We previously discussed horrific cases of tourists defacing or destroying priceless works of art. The latest outrage occurred at the Pompeys Pillar outside of Billings where Captain William Clark carved his signature on July 25, 1806. While some might have viewed that as graffiti in 1806, it is viewed as a national monument today and people were a bit put out to find that two people jumped over a fence, ignored signs, and carved Cole + Shpresa 10/10/2013 and a heart symbol on the monument. The suspected couple has been identified in some media reports as Cole Randall and Shpresa Lieshiaj, singers out of Minnesota.
After splitting off from Meriwether Lewis, Clark made the inscription on his return trip to St. Louis.
Rangers say that a silent alarm went off and that they questioned the couple at the historic site weeks ago.
The case brings back memories of Ding Jinhao, 15, who had to add his name to the Luxor temple in Egypt. Of course, he was 15 years old. It is beyond me how people feel the necessity to deface objects to achieve some type of immortality or satisfaction. As a devout hiker, I am always saddened to make it to the top of a mountain or ridge to find people have craved their initials into rocks or trees. Even as a kid, I thought it was wrong to carve initials into trees. Even if you like that type of thing, few of us would hop a fence and deface a national monument.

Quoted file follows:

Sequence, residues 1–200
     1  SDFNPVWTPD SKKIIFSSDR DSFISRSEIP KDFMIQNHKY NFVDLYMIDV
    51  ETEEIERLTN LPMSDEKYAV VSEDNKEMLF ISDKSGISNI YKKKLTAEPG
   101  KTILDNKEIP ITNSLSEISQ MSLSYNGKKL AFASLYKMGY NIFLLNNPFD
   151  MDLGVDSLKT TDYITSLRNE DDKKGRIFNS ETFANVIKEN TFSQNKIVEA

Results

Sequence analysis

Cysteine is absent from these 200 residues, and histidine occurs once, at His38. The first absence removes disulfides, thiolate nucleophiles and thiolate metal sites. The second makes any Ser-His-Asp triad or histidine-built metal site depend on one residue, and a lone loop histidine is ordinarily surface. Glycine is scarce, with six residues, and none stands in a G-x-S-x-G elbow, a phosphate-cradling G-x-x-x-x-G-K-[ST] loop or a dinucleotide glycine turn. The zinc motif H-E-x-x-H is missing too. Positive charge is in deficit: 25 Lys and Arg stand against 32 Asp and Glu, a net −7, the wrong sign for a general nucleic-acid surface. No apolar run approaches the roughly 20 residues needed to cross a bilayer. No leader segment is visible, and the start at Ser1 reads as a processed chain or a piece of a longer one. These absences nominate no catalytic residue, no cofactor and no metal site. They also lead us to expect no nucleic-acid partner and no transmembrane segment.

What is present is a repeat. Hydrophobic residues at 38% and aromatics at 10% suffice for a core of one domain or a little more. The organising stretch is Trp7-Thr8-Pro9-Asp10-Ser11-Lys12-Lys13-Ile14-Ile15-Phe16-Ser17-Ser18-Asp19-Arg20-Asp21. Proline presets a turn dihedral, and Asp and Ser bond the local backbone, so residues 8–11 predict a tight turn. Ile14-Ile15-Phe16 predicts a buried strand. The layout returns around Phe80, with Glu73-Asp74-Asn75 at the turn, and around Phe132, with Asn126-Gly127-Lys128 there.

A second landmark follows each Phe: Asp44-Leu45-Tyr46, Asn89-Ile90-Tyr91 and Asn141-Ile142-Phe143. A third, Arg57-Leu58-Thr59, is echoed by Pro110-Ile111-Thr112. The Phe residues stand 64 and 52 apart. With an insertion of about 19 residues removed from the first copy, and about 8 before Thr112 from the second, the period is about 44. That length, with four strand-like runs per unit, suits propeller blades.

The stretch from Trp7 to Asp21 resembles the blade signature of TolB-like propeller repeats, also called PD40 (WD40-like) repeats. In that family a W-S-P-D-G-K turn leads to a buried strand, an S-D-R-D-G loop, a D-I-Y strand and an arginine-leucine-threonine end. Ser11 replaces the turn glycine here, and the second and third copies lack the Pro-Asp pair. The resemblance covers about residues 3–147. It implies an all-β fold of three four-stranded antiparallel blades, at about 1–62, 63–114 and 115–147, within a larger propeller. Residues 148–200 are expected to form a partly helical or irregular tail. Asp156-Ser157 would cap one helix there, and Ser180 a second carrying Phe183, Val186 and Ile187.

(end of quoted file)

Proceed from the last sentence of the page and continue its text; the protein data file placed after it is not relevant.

Randall and Kieshiaj have not been charged and the police have not officially declared them to be the culprits. The two are a singing duo that perform as “Flora Cash.” Their website discussed touring the “heartland” from July 20 through October 17. They actually have good voices, but appear to have dreadful judgment. While the monument can be repaired, I am inclined to treat such senseless acts harshly. What do you think the punishment should be? Is some jail time warranted?
Here is the couple signing “Sour Grapes” about “places we don’t need to go:” The Pompeys Pillar National Monument presumably will now be on that list.